harrods tea

What if I asked you to join me for a wander through Knightsbridge, London, to take a look at some of the stores, perhaps have a little retail therapy along the way? Would you be excited? Inspired? Maybe yes, but probably not really.

How about if I said:

“Come with me to step into an emporium of magic, hand-pick from luxury designs to create your own exclusive personalised gifts, then enlighten your taste buds by indulging in a luxurious afternoon tea”

Sounds a little different doesn’t it?

This is how Harrods encourages its customers to visit their store.

Open All Hours

For those of a certain age, the character of Arkwright in the BBC 80s comedy sitcom Open All Hours, starring Ronnie Barker, epitomises all that is good about our nation of shopkeepers. Arkwright not only sold everything needed, he knew each and every one of his customers.

Nirvana for most retailers today? Not quite.

Retail has largely gone unchanged for over 100 years; if Harry Selfridge or Joseph Bloomingdale were to walk into one of their eponymous stores today I’m sure they would feel right at home. For decades, price, product and availability were the watchwords. Not any longer; because a new realisation is sweeping through the industry. In an age when consumers are becoming ever more demanding, always connected and able to broadcast their feelings and thoughts, whenever and wherever they might be, a new dynamic is rapidly emerging.

As Boxpark CEO Roger Wade puts it:

Retail is all about emotions. Not seeing, feeling and interacting with merchandise makes buying online like watching fireworks on TV.

And whilst online continues to dominate many of the headlines, this neatly sidesteps the fact that all consumers also happen to be human beings. And as humans, we are increasingly seeking human-centred experiences.

What It Means To Be Human

To be human means to have our own feelings and emotions, to be individuals and to seek to be treated as such, and more than ever as consumers, we are seeking an emotional journey, not merely a transaction.

Where is this most keenly on display today?

A look back at recent Christmas TV ad campaigns is revealing, big budget retailers increasingly focus less and less on product; opting instead to communicate with their audience on an emotional level, prompting feelings of family, togetherness, giving, sharing – even tears. Everything, in other words, which makes us human.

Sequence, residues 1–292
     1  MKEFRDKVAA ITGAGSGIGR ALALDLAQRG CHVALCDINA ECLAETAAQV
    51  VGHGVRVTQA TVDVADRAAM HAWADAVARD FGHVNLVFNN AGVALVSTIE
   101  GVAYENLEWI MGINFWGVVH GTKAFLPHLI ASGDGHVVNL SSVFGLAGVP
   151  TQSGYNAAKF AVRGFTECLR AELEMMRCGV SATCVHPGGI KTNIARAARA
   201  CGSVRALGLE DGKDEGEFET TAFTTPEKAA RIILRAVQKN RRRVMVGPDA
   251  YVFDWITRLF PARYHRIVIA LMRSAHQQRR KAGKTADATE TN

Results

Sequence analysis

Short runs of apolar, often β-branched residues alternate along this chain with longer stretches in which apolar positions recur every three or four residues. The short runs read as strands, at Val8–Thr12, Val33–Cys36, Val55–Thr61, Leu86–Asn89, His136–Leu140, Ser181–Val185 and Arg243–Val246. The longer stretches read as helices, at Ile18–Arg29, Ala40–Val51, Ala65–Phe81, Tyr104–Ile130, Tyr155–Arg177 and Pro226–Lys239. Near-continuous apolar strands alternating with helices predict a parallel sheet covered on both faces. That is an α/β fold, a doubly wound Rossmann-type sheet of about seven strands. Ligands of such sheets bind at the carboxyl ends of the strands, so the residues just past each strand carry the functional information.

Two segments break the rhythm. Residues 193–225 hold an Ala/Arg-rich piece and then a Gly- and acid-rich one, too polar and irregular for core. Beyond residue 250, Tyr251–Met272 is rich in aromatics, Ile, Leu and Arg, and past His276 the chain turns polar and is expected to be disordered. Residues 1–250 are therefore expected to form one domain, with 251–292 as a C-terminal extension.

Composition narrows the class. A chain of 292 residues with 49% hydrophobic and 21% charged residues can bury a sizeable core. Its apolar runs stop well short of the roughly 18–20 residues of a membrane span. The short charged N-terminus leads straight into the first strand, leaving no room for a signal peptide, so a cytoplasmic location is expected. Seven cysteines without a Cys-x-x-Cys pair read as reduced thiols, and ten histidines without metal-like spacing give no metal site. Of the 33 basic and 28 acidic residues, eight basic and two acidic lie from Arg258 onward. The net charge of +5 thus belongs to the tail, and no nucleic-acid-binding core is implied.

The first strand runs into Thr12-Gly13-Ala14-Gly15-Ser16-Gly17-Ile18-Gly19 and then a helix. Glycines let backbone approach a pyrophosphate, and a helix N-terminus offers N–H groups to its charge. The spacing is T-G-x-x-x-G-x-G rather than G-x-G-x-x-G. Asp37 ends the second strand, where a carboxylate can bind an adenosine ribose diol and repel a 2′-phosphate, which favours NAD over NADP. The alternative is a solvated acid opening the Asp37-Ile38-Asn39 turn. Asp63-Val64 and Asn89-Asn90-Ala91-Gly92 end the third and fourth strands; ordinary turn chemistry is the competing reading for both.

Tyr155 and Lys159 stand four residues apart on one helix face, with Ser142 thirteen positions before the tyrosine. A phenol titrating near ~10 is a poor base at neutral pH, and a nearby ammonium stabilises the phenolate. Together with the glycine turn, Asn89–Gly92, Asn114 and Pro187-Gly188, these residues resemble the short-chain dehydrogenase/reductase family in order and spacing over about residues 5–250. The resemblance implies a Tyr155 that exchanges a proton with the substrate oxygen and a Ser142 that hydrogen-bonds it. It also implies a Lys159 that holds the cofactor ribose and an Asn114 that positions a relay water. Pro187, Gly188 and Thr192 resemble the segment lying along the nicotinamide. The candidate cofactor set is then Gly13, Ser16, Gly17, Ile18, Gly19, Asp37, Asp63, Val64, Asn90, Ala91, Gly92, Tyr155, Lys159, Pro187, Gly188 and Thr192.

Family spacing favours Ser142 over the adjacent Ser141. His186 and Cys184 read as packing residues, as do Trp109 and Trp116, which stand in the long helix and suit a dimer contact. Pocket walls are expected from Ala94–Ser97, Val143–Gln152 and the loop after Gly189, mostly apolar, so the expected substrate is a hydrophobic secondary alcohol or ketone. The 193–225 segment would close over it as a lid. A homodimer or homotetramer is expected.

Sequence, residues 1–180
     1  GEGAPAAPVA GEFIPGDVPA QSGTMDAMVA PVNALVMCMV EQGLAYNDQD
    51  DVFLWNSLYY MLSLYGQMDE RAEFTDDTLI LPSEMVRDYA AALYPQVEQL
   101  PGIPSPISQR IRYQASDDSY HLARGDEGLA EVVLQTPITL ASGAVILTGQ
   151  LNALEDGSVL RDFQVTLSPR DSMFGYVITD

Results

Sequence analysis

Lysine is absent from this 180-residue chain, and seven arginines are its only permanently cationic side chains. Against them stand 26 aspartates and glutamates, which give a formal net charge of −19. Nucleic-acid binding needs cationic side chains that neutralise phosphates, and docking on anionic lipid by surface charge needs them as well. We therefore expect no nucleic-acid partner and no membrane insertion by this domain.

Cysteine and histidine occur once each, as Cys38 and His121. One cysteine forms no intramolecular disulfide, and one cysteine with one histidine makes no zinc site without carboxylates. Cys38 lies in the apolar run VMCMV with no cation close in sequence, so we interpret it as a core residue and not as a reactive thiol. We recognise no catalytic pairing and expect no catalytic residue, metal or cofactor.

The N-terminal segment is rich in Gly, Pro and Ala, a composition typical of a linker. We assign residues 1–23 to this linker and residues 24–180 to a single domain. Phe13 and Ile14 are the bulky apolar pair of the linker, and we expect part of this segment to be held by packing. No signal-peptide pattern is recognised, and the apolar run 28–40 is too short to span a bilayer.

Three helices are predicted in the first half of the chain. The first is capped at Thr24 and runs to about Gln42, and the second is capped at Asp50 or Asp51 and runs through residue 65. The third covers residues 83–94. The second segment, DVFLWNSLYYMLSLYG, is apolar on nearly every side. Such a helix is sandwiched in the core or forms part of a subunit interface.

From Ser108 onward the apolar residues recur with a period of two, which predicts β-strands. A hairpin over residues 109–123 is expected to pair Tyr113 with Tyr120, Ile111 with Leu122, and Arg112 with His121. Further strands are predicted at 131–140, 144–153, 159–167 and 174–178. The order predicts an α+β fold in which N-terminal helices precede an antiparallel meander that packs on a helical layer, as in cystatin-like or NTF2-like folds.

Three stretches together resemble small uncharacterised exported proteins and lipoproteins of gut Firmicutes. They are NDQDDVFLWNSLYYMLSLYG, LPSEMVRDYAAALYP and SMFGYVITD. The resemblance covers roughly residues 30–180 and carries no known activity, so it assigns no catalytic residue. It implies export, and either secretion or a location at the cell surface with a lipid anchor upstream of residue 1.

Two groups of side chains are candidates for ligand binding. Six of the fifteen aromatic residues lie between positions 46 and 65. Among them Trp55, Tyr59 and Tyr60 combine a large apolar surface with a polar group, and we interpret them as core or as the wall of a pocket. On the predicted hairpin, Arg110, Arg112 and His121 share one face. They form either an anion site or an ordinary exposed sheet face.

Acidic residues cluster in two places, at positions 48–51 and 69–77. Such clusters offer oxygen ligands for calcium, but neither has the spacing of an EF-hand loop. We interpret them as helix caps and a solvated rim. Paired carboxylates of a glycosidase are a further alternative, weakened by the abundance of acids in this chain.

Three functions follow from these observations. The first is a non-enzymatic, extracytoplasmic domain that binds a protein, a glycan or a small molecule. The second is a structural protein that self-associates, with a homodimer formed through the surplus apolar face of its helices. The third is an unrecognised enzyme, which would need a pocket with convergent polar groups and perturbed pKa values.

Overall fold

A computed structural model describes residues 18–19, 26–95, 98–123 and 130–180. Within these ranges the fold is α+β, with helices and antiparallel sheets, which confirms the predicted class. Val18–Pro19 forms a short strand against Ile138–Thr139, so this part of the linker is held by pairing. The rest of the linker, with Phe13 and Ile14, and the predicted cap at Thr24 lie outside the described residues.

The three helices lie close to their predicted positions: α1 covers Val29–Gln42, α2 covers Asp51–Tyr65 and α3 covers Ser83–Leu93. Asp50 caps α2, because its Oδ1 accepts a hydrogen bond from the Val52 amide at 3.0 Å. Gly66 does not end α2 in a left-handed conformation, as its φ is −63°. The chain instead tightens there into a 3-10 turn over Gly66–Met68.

But why would upsetting your audience in any way attract them to your brand? The answer: pure genius.

It is that emotional journey, the human-centred approach which is core to changing the way we feel about brands.

The LEGO® House in Denmark- a physical manifestation of the brand. Pure, simple, genius.

Lego House, Denmark


Joining The Dots

Whilst virtually every retail brand is still grappling with the challenge of delivering true personalised experiences – which should be relevant, meaningful and add value – global consumer expectations are both diverse and rapidly shifting.

Fed by a variety of influences, we now expect brands to not only know about our lives and our lifestyles, but to be able to put that into practice to deliver real value to us.

But here’s the thing; we are all human, so although we have that high expectation, we are extremely difficult to predict. We are volatile, impulsive, contrary, quirky, irrational and often aren’t fully aware of the influences around us; our subconscious doing much of the decision making.

How the senses and emotions affect decision making – the psychology of consumer behaviour – is therefore key to understanding how and why someone shops with one brand and not another.

And it is our shopping behaviour – why we are motivated to buy the things we do – which plays such a key part in retail success or failure. Not only that, but if this behaviour could be altered or influenced, just think of the benefits this could bring to a brand.

Much is written about experiential retail today, however, it must always be humans first, technology second.

In the lemming like rush to ‘digitise’ the store – it appears that many retailers are forgetting the one simple truth; that not only are we human, but that we seek an easy, simple and straightforward path to purchase. The journey must be pleasant, exciting and, dare I say it – with a little fairy dust judiciously sprinkled here and there – it can become magical. But it must never become complex, cumbersome, or downright confusing.

Begin with digital first and the latter is created. Begin with human emotions and an entirely different and wonderful experience can be created.


Embrace Fresh Thinking

With so much today being spoken and written about how digital technology can create a great consumer experience, it is easy to forget that we are human first and foremost.

And with that comes all the emotion and senses that we possess as wonderful, unpredictable human beings.

Therefore, it takes a new perspective in order to create a great human-centred experience:

  1. Think of your brand as a person
  2. Create emotional connections through employing the right senses
  3. Build a relationship through the different moments

So, if you’re seeking the best in human experience, embrace fresh thinking and a new best practice for tomorrow. Let the journey begin.


Subscribe to our newsletter